October 16, 2012 (JUBA) – Amid public dissent the South Sudan parliament ratified a cooperation agreement which president Salva Kiir with his norther counterpart, Omar al-Bashir signed on September 27 in the Ethiopian capital of Addis.
- South Sudanese members of parliament take the oath in the capital Juba on August 6, 2011 (Getty)
An overwhelming majority ,189 Members of Parliament (MP), voted to ratify the deal in its entirety on Tuesday and 15 members approved it with reservations seeking removal of the 14 mile area from the Safe Demilitarized Buffer Zone (SDBZ), in order to keep the South Sudanese army in the area.
Two motions in compliance with the parliamentary code of conduct, which regulates procedures, were raised to terminate the debate and put up motions in support of the movers after securing approvals.
A large crowd of civil right activists and residents of South Sudan’s Northern Bahr el Ghazal state on Monday staged a in Juba, waving placards and banners demanding the “immediate removal” of the 14 mile area from the SDBZ and from the next round of talks, as they see it as an encroachment upon their land.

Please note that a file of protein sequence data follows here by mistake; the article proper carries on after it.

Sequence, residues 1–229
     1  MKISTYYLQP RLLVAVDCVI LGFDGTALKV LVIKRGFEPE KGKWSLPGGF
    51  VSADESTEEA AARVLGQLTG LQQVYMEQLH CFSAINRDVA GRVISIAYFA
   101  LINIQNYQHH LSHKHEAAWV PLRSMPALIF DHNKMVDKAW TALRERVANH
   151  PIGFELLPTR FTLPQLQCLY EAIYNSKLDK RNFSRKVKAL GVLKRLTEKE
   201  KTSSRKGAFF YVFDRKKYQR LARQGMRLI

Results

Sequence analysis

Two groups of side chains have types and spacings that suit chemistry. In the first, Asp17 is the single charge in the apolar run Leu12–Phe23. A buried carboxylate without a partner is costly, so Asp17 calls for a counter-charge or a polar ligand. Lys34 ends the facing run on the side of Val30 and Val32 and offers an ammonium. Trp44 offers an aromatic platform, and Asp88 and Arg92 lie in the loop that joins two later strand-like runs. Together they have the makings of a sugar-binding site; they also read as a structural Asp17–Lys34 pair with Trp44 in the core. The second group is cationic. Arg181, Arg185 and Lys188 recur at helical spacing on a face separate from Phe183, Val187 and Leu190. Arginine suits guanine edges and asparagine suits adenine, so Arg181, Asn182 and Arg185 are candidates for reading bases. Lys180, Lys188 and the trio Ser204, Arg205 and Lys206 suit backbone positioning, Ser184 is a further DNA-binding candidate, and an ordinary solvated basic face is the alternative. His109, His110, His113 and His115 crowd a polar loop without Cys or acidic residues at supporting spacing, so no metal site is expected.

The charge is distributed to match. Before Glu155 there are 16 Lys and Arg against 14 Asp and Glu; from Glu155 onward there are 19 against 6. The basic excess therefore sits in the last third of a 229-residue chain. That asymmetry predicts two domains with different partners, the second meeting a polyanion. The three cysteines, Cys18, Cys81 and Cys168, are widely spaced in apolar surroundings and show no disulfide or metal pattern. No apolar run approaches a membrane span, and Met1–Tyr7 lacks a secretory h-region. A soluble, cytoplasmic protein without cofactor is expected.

The protests were met with cries by South Sudanese politicians, including President Salva Kiir, that the 14 mile caveat of the agreement had been misinterpreted; it being a temporary measure and not a granting of the disputed land to its northern neighbour.
Minister of parliamentary affairs and member of the negotiating team, Michael Makuei Lueth, moved the first motion seeking the house to terminate the debate and ratify the deal in totality.
Bellario Ahoy Ngong, a member of the national parliament representing Aweil South county in Northern Bahr el Ghazal State, moved a second counter-motion objecting to the passage of the deal including the 14 mile area.
"I rise up to move the motion terminating the debate to endorse and adopt speech of the president and to ask the house to revoke a parliamentary resolution which approved shutting down of the oil production. The last is to ratify the cooperation agreement in its totality now that the house seems to have built consensus," said Lueth as he stopped before members seeking their approval.